The driver of one of the vehicles said the brakes were sticking. Meanwhile, the owner of the other felt that they’re vehicle was shifting and braking funny.

During the test drive, we experienced similar situations – when they were shifted into drive they wouldn’t go anywhere, as if the driver’s foot is barely touching the brake.

On the Ford Escape, the front left would nose dive. It felt like the rear on the right side wanted to come out from underneath, because the brake pressure was going to the left front.

The same issue was occurring to the F150 on the other side.

How we addressed the braking system problem

To determine the problem, one of our employees sat in the vehicle and stepped on the brake pedal and we cracked the bleeder on the caliper to check the flow.

For both vehicles, we had little or no flow on the side that was experiencing the issue.

There are a few components involved in the flow – the caliper, the anti-lock braking system (ABS) pump, and the brake hose. The most common issue is with the brake hose.

We removed the caliper and depressed it to confirm it wasn’t bad. When it was off the vehicle, the caliper worked fine. However, attached, it was as hard as concrete and wouldn’t let anything through.

The brake hose on the vehicles were replaced, and the vehicles are driving fine.

One of the employees took the extra step and cut the brake line into pieces and dissected it. Through this process, he learned that the crip fitting was swollen and closed up.

Overtime, the brake hose gets a little bit hotter when pieces of metal are around it and slowly deteriorates.

A lot of people would have noticed the caliper wasn’t working and just sold calipers without isolating the problem. We did recommend calipers because the amount of heat can shorten their lifespan. 

We leave the choice in the hands of our customers. Our goal is to provide as much information to help them make an educated decision.

Can you prevent this problem?

You can’t do anything to prevent this problem, it’s just the way the vehicle is designed. You need to have the metal brackets to hold the hose in place. With that amount of hydraulic pressure, the hose would move back and forth and rupture.

You can maintain your braking system through brake fluid exchanges. This service can always help, but some of these things are inevitable.

We recommend brake fluid exchanges every 30,000 miles. You can learn about why you should have the fluid replaced by reading this article we wrote.

The same car problem can come across differently to drivers. If your vehicle sounds or is acting strange, make sure to provide as much information to the mechanic or repair shop as possible. Those little details can help narrow down the search.

HomeTowne Auto Repair & Tire is an authorized Michelin and BFGoodrich tire dealer located in Woodbridge, Virginia. Automotive repair services are performed on all makes and models, including oil changes, brakes, alignments, inspections, and computer engine diagnostics.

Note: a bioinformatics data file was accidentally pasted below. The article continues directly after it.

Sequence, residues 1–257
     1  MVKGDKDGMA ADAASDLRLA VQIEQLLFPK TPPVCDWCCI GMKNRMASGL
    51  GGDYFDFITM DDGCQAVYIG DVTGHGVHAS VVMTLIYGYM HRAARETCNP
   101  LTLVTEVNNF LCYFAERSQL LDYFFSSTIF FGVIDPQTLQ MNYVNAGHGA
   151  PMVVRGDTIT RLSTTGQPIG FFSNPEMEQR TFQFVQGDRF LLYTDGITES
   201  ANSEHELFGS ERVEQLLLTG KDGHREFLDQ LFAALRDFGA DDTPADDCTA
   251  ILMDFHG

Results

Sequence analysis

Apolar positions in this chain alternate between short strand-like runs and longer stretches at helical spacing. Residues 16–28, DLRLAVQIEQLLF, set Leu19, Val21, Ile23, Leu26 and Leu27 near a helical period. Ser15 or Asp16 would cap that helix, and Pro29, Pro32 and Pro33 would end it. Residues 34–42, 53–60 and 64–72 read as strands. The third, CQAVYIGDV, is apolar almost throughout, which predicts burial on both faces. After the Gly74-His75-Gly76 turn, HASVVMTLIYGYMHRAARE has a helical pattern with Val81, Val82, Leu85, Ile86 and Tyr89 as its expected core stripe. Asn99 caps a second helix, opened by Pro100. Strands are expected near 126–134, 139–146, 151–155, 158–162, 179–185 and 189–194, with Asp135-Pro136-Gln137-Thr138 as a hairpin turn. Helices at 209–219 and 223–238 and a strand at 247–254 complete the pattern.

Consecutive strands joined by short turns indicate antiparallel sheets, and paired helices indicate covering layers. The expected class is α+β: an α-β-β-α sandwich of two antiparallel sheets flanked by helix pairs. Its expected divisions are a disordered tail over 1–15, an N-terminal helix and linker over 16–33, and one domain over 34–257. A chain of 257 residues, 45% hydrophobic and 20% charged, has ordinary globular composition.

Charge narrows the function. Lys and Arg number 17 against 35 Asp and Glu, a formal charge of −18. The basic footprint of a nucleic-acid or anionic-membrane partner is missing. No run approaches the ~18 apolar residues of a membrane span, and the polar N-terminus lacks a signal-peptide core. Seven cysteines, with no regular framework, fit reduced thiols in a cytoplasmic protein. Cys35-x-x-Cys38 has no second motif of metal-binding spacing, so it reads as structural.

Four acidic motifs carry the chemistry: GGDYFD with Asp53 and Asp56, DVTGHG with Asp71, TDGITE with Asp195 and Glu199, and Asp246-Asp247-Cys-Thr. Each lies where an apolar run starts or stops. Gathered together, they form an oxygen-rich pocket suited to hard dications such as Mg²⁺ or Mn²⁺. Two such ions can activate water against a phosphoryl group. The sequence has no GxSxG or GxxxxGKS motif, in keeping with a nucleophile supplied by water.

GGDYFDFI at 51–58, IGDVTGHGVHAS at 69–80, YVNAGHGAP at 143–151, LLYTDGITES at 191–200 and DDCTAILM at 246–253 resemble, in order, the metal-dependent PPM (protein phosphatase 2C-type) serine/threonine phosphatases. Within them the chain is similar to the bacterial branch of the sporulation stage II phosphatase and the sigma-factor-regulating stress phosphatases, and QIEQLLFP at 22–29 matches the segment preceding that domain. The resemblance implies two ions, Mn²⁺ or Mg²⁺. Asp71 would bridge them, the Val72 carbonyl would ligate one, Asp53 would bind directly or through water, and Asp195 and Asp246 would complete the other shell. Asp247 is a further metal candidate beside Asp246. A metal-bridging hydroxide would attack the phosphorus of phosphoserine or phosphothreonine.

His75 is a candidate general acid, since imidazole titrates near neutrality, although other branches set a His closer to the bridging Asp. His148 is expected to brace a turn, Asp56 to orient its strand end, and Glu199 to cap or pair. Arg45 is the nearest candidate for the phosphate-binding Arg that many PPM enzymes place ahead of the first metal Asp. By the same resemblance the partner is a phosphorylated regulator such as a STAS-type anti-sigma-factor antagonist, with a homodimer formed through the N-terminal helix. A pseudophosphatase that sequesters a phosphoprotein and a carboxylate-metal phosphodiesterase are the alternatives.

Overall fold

View Post

Does my car need new brakes?

In Brakes by HomeTowne Auto Repair & Tire

Typically, drivers don’t know that their car needs new brakes until they bring it to a repair shop for an oil change or to address a problem.

While performing an oil change, our technicians do a tire rotation and look over the vehicle. During this courtesy inspection, we may find that it requires new brakes or they are reaching the end of their lifespan.

To pass the annual state inspection, brakes must be a least 2/32 of an inch. However, we suggest replacing them when they get to 3/32 or 4/32 of an inch, depending on the vehicle and driving conditions.

Read more about brakes and the Virginia safety inspection.

When you go in for your next oil change, it’s a good time to have all four of your brakes checked.

Signs that new brakes, brake repair are needed

Overtime, you may start to notice certain signs, such as squealing and the vehicle taking longer to stop.

If you put off replacing brakes, it will likely lead to further damage down the road.

How often brakes need to be replaced depends on many factors, including the make and model. Driving behaviors, how much someone drives, and stop and go traffic also play a role.

Generally, brakes can last anywhere from 36,000 to 80,000 miles. We have replaced them at 18,000 miles, which was extremely low. 

It’s important to make sure the types of brakes put on your car are of good quality and meet Original Equipment (OE) specifications, because the way the vehicle safety system works they are programmed to operate with certain types of parts. 

If you put inferior parts on, the systems like Advanced driver-assistance systems (ADAS), Traction Control System (TCS), Anti-lock Braking System (ABS) may not perform correctly.